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US Airways CEO: How 9/11 Changed Our Airline

TEMPE, Ariz. TheStreet) -- No industry was impacted more by the Sept. 11 attacks than the airline industry, and no airline saw its course change more than US Airways (LCC).

Only US Airways filed twice for bankruptcy, then entered a merger where management of the smaller airline took over the operation and moved the headquarters. "The social issues," as they are called, were resolved in a dramatically different fashion than in other mergers, and brought Doug Parker -- now chief of US Airways -- into the ranks of major airline CEOs. Since then, Parker and his team have shaken up the industry, pushing for consolidation at every turn.
US Airways CEO Doug Parker

When the first airplane crashed into the World Trade Center, Parker, then CEO of America West, was at home in Paradise Valley, Ariz., getting ready to go to work. Just ten days earlier, he had replaced retiring Bill Franke, now chairman of Spirit (SAVE - Get Report).

In the weeks that followed, the 40-year-old CEO underwent a baptism by fire, presiding over a nearly-broke airline that was carrying barely any passengers in a badly damaged airline economy.

That morning, the phone calls came in, first from Parker's sister-in-law, who mentioned a crash, and then from the airline's operations control center, which said the Federal Aviation Administration had grounded all commercial flights. As he quickly drove the half dozen miles to work, Parker said, "my first concern was making sure all our people were safe." That turned out to be the case.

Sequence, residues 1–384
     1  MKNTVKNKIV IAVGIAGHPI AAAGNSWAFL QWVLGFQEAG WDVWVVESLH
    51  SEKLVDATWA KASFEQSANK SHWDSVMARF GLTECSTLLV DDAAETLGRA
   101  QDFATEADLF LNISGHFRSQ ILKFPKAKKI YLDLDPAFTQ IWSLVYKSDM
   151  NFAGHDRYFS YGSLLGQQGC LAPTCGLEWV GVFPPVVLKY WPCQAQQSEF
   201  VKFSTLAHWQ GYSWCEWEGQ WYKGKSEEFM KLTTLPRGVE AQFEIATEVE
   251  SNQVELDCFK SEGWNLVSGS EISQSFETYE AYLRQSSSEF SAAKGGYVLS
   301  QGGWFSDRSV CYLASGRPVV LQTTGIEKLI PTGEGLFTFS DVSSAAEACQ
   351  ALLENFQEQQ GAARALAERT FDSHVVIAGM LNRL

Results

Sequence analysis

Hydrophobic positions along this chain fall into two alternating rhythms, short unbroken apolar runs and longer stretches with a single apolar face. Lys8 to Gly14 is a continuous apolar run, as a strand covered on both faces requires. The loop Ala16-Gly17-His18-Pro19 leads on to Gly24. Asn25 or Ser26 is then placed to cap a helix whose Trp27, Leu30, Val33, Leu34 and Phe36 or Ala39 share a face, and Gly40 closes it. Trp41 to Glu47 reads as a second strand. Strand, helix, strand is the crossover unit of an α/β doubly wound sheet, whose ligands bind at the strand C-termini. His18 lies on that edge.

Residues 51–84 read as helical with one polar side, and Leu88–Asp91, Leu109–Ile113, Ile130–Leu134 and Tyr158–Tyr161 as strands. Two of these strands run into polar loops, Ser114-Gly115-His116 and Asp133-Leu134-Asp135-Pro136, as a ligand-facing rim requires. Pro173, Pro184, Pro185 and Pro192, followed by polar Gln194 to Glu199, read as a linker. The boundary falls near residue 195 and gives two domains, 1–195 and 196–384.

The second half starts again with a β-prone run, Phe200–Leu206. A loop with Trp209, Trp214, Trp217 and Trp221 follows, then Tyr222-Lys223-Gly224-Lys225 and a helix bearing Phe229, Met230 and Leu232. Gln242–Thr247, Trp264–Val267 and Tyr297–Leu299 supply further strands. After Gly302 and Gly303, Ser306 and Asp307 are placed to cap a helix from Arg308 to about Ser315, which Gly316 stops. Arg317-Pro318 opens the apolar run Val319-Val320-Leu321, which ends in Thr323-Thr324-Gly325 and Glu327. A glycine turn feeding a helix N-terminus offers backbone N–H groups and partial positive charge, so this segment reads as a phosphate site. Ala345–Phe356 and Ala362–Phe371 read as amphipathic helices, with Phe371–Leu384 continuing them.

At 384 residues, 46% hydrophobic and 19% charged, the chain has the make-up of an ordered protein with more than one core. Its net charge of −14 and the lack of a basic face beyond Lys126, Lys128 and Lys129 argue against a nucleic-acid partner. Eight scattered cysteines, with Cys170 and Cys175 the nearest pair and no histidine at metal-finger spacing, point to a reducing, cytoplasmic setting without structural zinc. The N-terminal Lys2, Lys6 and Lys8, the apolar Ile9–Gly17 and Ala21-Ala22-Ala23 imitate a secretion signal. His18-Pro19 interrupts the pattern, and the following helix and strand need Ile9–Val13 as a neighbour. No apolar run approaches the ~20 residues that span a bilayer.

View More 9/11 Coverage

Another concern was not so easily resolved. America West, the ninth-largest airline, was about to run out of money. It had been negotiating with GE Capital and Airbus for a financing package; term sheets had been signed, but not definitive documents. The events of Sept. 11 dramatically reduced air travel, which constituted a "material change in events" leading GE Capital and Airbus to pull out of the financing deal.

After a three-day shutdown, flights resume, but travel did not. "We were flying 10% loads," Parker said. "I would go to the airport and walk into the crew rooms. Our employers were there. They put on their uniforms and went to work. They weren't afraid." Unfortunately, the public was.

From a Phoenix conference room, Parker joined in conference calls with top executives from other airlines and government officials, who discussed how to save the industry. The strangest part, Parker said, was that no airplanes flew by the windows, which looked out on the flight path for Phoenix Sky Harbor Airport. "It was a weird three days," he said. "You didn't see any airplanes all day."

Within a few days, Parker was in Washington, attending series of meetings with other airline executives. They gathered at the Air Transport Association, at the White House and at a session of the House Aviation Subcommittee. Carriers had different issues, Parker said. American (AMR) and United (UAL - Get Report) needed federal insurance after each lost two aircraft to terrorists. Every airline needed federal loan guarantees. And America West, which cut back its schedule by 15%, needed cash immediately. "We were the most in need," Parker said.
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